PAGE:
I knew that I wanted to write something regarding the untimely loss about Chadwick Boseman, but the struggle came in the form of figuring out what to contribute that hasn’t already been said. After a while though, for me, it ultimately came down to the exploration of actors who died well before their time, and are forever commemorated for their storytelling in the more significant roles they played.
Sometimes, it’s to the point where they’re remembered better for who they played than who they were in the real world. While that’s not always the wisest way to remember the actor, it simultaneously can be momentous. In Chadwick’s case, while he has played multiple roles ranging from Jackie Robinson to James Brown, he’ll probably be forever best known as T’Challa a.k.a. the Black Panther. The fact that he was a genuinely a good person in the real world is, without a doubt, a large part of what made his performance as the character so resonating.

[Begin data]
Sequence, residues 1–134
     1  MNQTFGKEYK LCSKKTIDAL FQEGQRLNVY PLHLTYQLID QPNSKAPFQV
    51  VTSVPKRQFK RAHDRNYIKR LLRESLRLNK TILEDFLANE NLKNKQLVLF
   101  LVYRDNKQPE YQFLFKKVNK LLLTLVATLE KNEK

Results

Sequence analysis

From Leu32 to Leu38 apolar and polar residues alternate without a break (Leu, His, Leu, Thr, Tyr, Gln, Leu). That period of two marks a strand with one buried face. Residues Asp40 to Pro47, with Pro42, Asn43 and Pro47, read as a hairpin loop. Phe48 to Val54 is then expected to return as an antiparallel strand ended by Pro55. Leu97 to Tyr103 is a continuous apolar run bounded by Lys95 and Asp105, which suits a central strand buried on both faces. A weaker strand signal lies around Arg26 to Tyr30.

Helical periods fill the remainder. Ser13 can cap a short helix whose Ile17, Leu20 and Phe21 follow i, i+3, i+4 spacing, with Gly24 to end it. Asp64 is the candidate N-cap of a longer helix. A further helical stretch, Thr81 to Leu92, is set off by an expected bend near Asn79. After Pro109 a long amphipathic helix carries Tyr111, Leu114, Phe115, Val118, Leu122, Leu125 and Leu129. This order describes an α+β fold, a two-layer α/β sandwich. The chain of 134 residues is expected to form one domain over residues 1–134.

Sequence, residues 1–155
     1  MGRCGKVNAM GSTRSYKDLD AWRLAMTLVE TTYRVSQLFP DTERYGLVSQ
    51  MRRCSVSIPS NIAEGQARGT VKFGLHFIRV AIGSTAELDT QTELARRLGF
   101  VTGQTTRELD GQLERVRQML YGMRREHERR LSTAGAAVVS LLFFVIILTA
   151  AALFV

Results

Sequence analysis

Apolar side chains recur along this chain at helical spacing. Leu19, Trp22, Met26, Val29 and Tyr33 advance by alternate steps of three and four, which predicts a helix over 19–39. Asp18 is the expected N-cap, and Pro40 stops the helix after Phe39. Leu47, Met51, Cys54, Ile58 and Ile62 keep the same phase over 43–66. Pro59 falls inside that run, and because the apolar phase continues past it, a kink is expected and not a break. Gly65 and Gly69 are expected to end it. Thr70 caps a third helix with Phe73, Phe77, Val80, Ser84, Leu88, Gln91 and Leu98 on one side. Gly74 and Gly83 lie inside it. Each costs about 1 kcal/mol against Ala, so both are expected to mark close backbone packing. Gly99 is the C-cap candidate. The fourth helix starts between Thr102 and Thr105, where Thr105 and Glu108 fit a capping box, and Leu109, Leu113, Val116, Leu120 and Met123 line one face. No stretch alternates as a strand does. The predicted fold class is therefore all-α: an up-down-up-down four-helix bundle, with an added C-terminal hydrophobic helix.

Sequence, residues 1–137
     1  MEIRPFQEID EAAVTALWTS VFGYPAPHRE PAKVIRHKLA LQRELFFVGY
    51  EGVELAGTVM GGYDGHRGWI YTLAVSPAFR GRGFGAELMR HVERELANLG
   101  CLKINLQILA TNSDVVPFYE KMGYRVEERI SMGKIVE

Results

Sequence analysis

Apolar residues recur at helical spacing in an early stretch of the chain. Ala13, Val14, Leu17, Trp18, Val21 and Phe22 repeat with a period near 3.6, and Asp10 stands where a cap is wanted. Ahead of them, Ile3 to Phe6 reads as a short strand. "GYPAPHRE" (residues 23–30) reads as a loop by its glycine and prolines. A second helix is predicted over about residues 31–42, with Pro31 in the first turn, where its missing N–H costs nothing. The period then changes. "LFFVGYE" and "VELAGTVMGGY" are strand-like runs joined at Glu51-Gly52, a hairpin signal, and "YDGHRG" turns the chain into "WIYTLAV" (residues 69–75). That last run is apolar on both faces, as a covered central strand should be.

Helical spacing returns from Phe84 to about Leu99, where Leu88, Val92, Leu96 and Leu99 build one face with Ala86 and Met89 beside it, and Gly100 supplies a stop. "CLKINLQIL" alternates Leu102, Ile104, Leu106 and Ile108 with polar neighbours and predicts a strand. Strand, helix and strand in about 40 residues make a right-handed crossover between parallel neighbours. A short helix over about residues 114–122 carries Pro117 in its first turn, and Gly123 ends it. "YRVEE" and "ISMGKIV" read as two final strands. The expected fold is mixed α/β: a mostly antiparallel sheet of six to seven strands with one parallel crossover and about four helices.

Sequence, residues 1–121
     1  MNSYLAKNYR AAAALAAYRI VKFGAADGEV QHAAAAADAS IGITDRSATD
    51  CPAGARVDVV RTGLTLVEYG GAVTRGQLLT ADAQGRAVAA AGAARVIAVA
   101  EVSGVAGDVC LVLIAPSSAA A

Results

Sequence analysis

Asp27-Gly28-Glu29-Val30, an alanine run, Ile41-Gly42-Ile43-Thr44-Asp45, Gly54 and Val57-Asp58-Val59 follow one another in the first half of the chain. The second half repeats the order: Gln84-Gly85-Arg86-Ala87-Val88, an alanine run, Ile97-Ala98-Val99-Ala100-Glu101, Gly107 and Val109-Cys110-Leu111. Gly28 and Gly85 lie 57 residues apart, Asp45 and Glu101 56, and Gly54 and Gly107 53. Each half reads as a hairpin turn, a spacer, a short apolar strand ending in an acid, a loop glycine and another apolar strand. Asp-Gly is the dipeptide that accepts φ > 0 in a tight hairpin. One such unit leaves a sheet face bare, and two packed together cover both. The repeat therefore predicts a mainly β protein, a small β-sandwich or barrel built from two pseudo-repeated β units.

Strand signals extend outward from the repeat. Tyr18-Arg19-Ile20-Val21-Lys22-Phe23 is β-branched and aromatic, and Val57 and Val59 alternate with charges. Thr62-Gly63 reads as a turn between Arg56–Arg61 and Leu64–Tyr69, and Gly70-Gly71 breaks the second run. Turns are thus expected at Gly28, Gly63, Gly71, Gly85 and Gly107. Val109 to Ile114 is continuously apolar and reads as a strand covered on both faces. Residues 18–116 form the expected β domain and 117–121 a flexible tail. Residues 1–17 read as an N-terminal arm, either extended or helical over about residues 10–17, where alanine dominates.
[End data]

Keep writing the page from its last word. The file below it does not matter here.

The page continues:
That’s what brings me to this latest Recommended Analyzing piece. Earlier this week, this comic from artist Courtney Lovett appeared in my social media feed. It’s emotionally impactful as it hits up on a lot of notes. It shows the shock and sorrow over a life gone too soon, the loss of the first superhero that many young Black children could see themselves in, how he will be remembered as the man who brought the Black Panther to the big screen, and as T’Challa once said, how death is a stepping-off point.
It’s a short but beautiful comic that Lovett put together. Please give it a look and check out her website to learn more about her and her work. May you find comfort in your memories of Chadwick Boseman, and I hope that “Black Panther” serves as a guiding light in the midst of darkness.